Most trips to Antarctica get as far south as the pensinula… we went a wee bit further… from Chile to New Zealand!
Adélie Penguins (Pygoscelis adeliae) on Petermann Island, 10 Dec 2009 – H. Harbord
Imperial Shags (Phalacrocorax atriceps) on Petermann Island, 10 Dec 2009 – H. Harbord
Chinstrap Penguin (Pygoscelis antarcticus) – H. Harbord
Near Petermann Island, 10 Dec 2009 – H. Harbord
En route to Stonnington Island, 11 Dec 2009 – H. Harbord
At Stonnington Island, 11 Dec 2009 – H. Harbord
Crabeater Seals (Lobodon carcinophagus) near Stonnington Island – H. Harbord
Peter the 1st Island, 13 Dec 2009 – H. Harbord
Peter the 1st Island, 13 Dec 2009 – H. Harbord
South Polar Skua (Stercorarius maccormicki) – H. Harbord
Fun facts about the Ross Ice Shelf? It’s 15-50 meters high, 600 kms long, and 487,000 sq kms in area. Most (90%) of it is below sea level. A big chunk (31,000 sq km) broke off from it in March 2000. – H. Harbord
“Awesome” is a word that seems to fit here… – H. Harbord
Inside Robert Falcon Scott’s 1910-1911 hut. This was the base for his expedition to the pole, an effort which resulted in his death. – H. Harbord
The boss…and Heather’s grandfather!
It’s like they left just yesterday… – H. Harbord
More Adélie Penguins (Pygoscelis adeliae) – H. Harbord
McMurdo Station is US research station that studies the Ross Ice Shelf. Established in 1956 in time for the International Geophysical Year (1957), its population numbers ~1000 in summer, and ~200 in winter. There are 4 months of complete darkness in winter – H. Harbord
Woa! This isn’t something you see every day… – H. Harbord
More locomoting Adélies… – H. Harbord
“Shackleton named a glacier tongue and the glacier that fed it after my grandfather. I stayed up till 1.30am to try and see it” Seriously…how cool is that? – H. Harbord
Emperor Penguin (Aptenodytes forsteri) at Cape Washington – H. Harbord
Now this is what I call birding… – H. Harbord
Young Emperor Penguins (Aptenodytes forsteri) – H. Harbord
At Cape Washington – H. Harbord
Christmas Day at Halkett Bay, 2009 – H. Harbord
This is what 250,000 pairs of Adélie Penguins looks like. Cape Adare, Boxing Day, 2009 – H. Harbord
Inside the Borchgrevink BNAE hut (1898) – the first expedition to overwinter in Antarctica – H. Harbord
Crest on ship’s bow – H. Harbord
Well done Heather!
Heather Harbord – “Epic Antarctica” by Andrew Bryant, 22 Feb 2018.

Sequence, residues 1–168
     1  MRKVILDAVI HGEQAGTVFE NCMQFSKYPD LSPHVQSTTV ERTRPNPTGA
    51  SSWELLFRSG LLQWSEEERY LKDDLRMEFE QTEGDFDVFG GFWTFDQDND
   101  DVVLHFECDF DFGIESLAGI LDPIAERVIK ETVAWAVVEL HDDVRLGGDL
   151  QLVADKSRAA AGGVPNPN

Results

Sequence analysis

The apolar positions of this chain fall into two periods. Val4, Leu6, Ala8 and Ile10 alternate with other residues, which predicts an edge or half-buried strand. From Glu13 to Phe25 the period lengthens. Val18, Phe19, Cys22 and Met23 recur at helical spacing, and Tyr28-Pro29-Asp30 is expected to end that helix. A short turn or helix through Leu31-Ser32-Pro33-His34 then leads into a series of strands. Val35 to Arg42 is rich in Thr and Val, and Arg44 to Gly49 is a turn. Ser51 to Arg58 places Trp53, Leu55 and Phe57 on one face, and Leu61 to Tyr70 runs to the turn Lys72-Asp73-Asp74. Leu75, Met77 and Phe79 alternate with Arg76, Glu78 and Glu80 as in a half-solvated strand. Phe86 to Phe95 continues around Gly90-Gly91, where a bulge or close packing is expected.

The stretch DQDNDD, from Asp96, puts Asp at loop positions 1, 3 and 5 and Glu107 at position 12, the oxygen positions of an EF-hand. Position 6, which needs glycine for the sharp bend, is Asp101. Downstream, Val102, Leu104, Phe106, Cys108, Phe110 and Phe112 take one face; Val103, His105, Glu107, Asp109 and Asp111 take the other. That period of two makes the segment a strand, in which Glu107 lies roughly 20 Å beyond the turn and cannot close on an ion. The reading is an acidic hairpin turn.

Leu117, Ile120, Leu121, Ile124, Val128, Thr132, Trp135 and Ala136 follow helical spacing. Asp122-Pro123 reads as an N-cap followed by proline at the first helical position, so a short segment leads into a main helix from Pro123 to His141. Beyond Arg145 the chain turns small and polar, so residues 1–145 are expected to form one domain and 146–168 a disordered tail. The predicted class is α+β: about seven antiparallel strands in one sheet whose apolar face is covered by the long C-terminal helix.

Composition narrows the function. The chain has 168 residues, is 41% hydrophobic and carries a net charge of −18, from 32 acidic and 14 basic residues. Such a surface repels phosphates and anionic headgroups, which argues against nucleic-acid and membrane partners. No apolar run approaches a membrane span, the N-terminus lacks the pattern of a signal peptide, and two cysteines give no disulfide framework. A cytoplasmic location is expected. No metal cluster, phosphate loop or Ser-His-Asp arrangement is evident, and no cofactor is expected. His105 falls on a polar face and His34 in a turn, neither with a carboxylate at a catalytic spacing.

A scheduled speaker’s non-appearance threatened doom – until quick-witted Heather Harbord decided to take us all out instead – to Antarctica!
So. After a short pause, all went swimmingly well. Penguins, orcas, ice. More penguins, more ice, and then, alas…
the dreaded technical glitch…
So we only got to see a portion of her slides. Heather, of course is a trooper who’s experienced such things before, so she gamely carried on, regaling us with her alternatively funny, poignant, and just just amazing tales.
A quarter of a million pairs of penguins – seriously?
King Penguins at Salisbury Plain, South Georgia – M. Moore
A couple of aptly-named Macaroni Penguins, South Georgia – M. Moore
The magnificent Northern Giant Petrel – M. Moore
Fur seals, South Georgia – M. Moore
Elephant seals, South Georgia – M. Moore
A young bull fur seal, South Georgia. He’s not yet a “beach-master”…but give him time! – M. Moore
What’s not to love about King Penguins? – M. Moore
But Adelie Penguins are really nice too….note the chicks – M. Moore
These are Gentoo Penguins…with another chick – M. Moore
King Penguins. You can often see several age-classes in a single photo because the breeding cycle is about 14 months long! – M. Moore
Bronze bust of Capt Luis Pardo, who rescued the 22 remaining survivors from Earnest Shackleton’s Endurance Expedition in 1916. Point Wild, Elephant Island – M. Moore
Neko Harbor, on the west coast of Graham Land. 64°50′S 62°33′W is pretty far south! – M. Moore
Entering Lemaire Channel at 65.13°S 64.00°W – M. Moore
The impressive “Una’s Tits”in Lemaire Channel. As Mike invariably put it, “y’know, there’s a pretty good story behind that…”– M. Moore
blue – M. Moore
Black-browed Albatross with chick – M. Moore
Foyn Harbor. This is the whaling tanker Guvernøren, which was lost with 16,614 barrels of whale oil after catching fire in 1915. – M. Moore
Antarctic Tern aboard the Guvernøren – M. Moore
Leopard Seals, with the Sea Adventurer and ice-covered mountains beyond – M. Moore
Crab-eater seals…which is an interesting name for them, because there ARE NO crabs in Antarctica…these guys are krill specialists – M. Moore
Leopard seal (note the red krill poo)… – M. Moore
lovely ice – M. Moore
Playing with a humpback – M. Moore
Just a man in his element – M. Moore
Mike Moore – “Antarctica”
by Andrew Bryant, 19 November 2015.
Our dear friend Captain Mike Moore took time off from skippering the ever-faithful Misty Isles and driving naturalists hither and fro in his zodiac, to show us what he does in the “off-season”…
…which is driving naturalists hither and fro…in a zodiac…in Antarctica!
The photos were breathtaking, and some of the stories behind them are incredible. Mike is a wonderful raconteur. I knew that krill was important, but had no idea of the pervasive prominence of pink poo!
Cedwyn Phillips – “South Georgia and Antarctica” by Andrew Bryant, 23 Apr 2014.
Cedwyn is from London, England but now calls Powell River home.
In 2010 he and his wife Peggy spent 18 nights aboard the M.V. Ocean Nova as it traveled from Ushuaia, Argentina to the Falklands Islands. From there they cruised south, touring several spots on South Georgia, before going even further south – to the northern tip of Antarctica!
Judging from the map, you can imagine that must have been quite the trip. And so it was. It’s our privilege to share some of the slides we got to see.
Cedwyn may be soft-spoken, but his images speak volumes – enjoy the trip!